The men behind the draconian immigration policies of the Trump administration skillfully mimic the president’s invective and ahistorical logic. Matthew Albence, the acting director of ICE, once compared the crowded and filthy family detention centers to “summer camp.” Ken Cuccinelli, second in command at the Department of Homeland Security, sarcastically reworded Emma Lazarus’s famous poem in an attempt to justify Trump’s harsh new public-charge rule: “Give me your tired and your poor who can stand on their own two feet.”
Along with the engineer of Trump’s foreign policy, Secretary of State Mike Pompeo, these men share something else: They are the grandsons and great-grandsons of Italian immigrants who arrived here around the turn of the century. Indeed, hearing the surnames of these architects of indifference is like listening to a night at the opera: Pompeo, Cuccinelli, and Albence (who replaced the not-tough-enough Ron Vitiello).
What an extraordinary irony. The men implementing one of the cruelest immigration policies of the last 100 years are just two generations removed from men who were similarly victimized by the Anglo-Saxon elite.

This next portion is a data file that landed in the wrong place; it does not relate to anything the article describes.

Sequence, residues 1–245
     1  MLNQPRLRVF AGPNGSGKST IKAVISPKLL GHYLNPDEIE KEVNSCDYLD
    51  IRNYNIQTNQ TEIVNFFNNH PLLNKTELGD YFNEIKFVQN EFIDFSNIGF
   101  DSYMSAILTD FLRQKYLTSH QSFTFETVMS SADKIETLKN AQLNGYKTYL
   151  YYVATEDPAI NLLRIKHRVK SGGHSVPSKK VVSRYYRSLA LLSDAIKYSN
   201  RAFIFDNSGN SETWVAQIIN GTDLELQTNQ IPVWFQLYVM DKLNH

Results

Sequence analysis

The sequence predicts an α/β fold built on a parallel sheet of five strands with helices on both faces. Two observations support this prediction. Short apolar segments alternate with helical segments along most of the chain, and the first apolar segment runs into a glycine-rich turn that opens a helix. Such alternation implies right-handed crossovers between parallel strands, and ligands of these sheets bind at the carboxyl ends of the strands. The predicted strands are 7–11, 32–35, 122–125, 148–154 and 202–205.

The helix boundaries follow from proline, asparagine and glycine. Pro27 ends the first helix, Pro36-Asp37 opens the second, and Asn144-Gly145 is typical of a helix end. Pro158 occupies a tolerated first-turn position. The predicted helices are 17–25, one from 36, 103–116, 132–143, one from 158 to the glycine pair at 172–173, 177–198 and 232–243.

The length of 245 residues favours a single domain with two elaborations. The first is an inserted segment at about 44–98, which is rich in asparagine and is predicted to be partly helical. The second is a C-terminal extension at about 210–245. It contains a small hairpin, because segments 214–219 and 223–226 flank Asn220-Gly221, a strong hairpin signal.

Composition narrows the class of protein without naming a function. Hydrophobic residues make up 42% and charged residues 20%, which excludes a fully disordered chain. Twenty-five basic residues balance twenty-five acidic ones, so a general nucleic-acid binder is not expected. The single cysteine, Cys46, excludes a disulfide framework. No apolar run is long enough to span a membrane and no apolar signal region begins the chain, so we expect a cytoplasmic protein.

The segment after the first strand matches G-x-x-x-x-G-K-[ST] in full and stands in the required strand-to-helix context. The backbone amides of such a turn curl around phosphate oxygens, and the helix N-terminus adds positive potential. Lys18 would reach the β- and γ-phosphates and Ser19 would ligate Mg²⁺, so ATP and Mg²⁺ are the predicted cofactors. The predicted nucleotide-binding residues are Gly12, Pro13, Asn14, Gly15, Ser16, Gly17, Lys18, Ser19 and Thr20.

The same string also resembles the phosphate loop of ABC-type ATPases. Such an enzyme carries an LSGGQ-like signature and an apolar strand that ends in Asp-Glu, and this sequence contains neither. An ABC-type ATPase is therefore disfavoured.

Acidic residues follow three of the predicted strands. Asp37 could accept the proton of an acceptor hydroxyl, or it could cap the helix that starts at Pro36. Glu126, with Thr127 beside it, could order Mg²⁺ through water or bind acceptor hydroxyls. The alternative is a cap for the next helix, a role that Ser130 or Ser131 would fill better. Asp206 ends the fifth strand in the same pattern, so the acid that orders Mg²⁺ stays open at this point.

A 1903 political cartoon from Judge, a Republican magazine, sums up yesterday’s nativism in a way that looks remarkably familiar. The cartoon, titled “The Unrestricted Dumping Ground,” pictures poor Uncle Sam standing on a dock, his arms wrapped around an American flag, while the “rats” of Europe swim to the shore. They have giant rat bodies with faces of swarthy, dark-haired men who could be confused today for Mexican and Central Americans.
The rats wear headbands marked “Mafia,” “Anarchist,” “Socialist” — all labels associated with the millions of Italian migrants. A ghostly image of the late President William McKinley, assassinated by the son of an immigrant, haunts Uncle Sam. The message is clear: Immigrants from the slums of Europe are dangerous and must be stopped from entering our borders.
By MARIA LAURINO for DAILY NEWS
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